I have been struggling lately with the quickness with which people jump to judgement of others and last week I had a situation where I noticed that reactivity in someone else’s behavior and then my instinct to do the same.
I happened to read a Facebook post by an acquaintance that was very judgmental and offensive in a personal way. I rarely respond to anything on Facebook (especially provocative statements) however I felt a responsibility to address this post. I resisted the strong instinct to quickly respond and instead thought for a while about what to write.
We are all still living in a heightened state of alert and fear which can cause us to REACT versus MINDFULLY ACT. I acknowledged that reactivity in myself and instead compiled a mindful response. The person immediately took down the post and reached out to me privately on FB messenger. We had a respectful discourse regarding the intent behind the post and at the end the person thanked me for the dialogue. Through this mindful interaction I was given the chance to offer some education and provide a different perspective. If I had “written him off” as a bad person (knowing in my heart he was not) I would have lost that opportunity and held anger and judgement in my heart instead.
This experience reminded me of the story of the Golden Buddha which I shared with my students on the mat last week:
In a large Temple north of Thailand’s ancient capital, Sukotai, there once stood an enormous and ancient clay Buddha. Though not the most handsome or refined work of Thai Buddhist art, it had been cared for over a period of 500 years and become revered for its sheer longevity.
Violent storms, changes of government, and invading armies had come and gone, but the Buddha endured. At one point, however, the monks who tended the temple noticed that the statue had begun to crack and would soon be in need of repair and repainting. After a stretch of particularly hot, dry weather, one of the cracks became so wide that a curious monk took his flashlight and peered inside. What shone back at him was a flash of brilliant gold! Inside this plain old statue, the temple residents discovered one of the largest and most luminous gold images of Buddha ever created in Southeast Asia.
Now uncovered, the golden buddha draws throngs of devoted pilgrims from all over Thailand. The monks believe that this shining work of art had been covered in plaster and clay to protect it during times of conflict and unrest. In much the same way, each of us has encountered threatening situations that lead us to cover up our innate nobility. Just as the people of Sukotai had forgotten about the Golden Buddha, we too have forgotten our essential nature. Much of the time we operate from a protective layer. The primary goal is to see beneath the armoring and bring out our original goodness, called our Buddha nature.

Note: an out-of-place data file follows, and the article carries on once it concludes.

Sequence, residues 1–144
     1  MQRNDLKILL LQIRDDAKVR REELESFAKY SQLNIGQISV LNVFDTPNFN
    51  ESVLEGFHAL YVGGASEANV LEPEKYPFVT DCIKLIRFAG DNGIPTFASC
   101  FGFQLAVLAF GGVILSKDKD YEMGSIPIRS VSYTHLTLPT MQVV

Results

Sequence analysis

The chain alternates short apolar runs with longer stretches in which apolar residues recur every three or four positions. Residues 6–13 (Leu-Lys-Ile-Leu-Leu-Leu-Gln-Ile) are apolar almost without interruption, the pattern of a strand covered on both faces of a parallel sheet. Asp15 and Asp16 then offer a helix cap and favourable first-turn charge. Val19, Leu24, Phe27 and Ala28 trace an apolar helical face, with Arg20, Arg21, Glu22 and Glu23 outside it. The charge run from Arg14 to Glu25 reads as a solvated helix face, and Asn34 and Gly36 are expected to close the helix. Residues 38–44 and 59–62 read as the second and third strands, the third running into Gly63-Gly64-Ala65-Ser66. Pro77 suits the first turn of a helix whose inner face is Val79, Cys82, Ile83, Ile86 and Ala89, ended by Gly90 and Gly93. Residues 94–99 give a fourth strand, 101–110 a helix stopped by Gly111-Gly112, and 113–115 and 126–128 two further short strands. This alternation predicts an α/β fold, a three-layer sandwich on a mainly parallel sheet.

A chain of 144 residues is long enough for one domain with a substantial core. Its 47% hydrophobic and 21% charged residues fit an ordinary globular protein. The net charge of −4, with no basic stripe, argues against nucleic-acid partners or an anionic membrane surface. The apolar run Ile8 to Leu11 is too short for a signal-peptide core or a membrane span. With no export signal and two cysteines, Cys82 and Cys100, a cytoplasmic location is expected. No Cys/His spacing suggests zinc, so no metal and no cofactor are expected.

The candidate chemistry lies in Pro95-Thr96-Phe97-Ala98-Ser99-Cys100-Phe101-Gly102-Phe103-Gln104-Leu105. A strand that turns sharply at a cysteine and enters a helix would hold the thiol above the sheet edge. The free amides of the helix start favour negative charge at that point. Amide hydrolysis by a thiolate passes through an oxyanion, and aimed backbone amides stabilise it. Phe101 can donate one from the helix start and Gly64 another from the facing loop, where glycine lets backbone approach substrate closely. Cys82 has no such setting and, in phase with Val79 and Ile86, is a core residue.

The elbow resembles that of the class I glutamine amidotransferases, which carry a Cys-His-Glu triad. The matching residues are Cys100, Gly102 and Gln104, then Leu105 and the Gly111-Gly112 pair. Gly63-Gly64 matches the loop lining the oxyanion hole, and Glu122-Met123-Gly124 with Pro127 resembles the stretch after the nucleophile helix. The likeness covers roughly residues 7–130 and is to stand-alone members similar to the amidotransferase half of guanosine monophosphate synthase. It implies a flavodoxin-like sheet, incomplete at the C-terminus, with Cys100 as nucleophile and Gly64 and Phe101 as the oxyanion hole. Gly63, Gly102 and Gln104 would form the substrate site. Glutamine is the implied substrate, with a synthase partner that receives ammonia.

The story of the Golden Buddha is a good representation of the first principle of Buddhist psychology; to see the inner nobility and beauty in all human beings. That is what I tasked my students with on the mat last week. As we flowed through our asana practice we began to “shed” the protective layer we hold in the body by letting go of tightness. As we softened and released we found more space and the ability to go deeper into the muscles of our bodies.
The practice of course always extends to the mind as well. As the “clay exterior” of the heart began to “crack open”, we could see the gold shining beneath and feel the connection to our inner nobility. Instead of attaching and judging ourselves for each pose or even our overall “performance” that day, we remembered that that all of this is practice for something much more significant– cultivating our Buddha Nature.
Off the mat it works in much the same way– we can learn not to define ourselves and others by the worst moments but rather to look beneath the fear and see the gold that shines below. Each one of us has made mistakes, said cruel things and taken negative actions. I often think about what it would be like if I was judged only by my worst actions or cruelest words and that inspires me to try not do that to others. Shedding the reactive outer layer helps us not only see the inner nobility of others, but ourselves as well.
As we sat together for our final moment of meditation, I thanked my students for sharing their inner nobility with me and I reminded them once again the power we have through this practice to see below the protective layer in others. We are all so much deeper than what lies on the surface and when we take the chance to see the Buddha Nature in others it FREES US AS WELL. Namaste.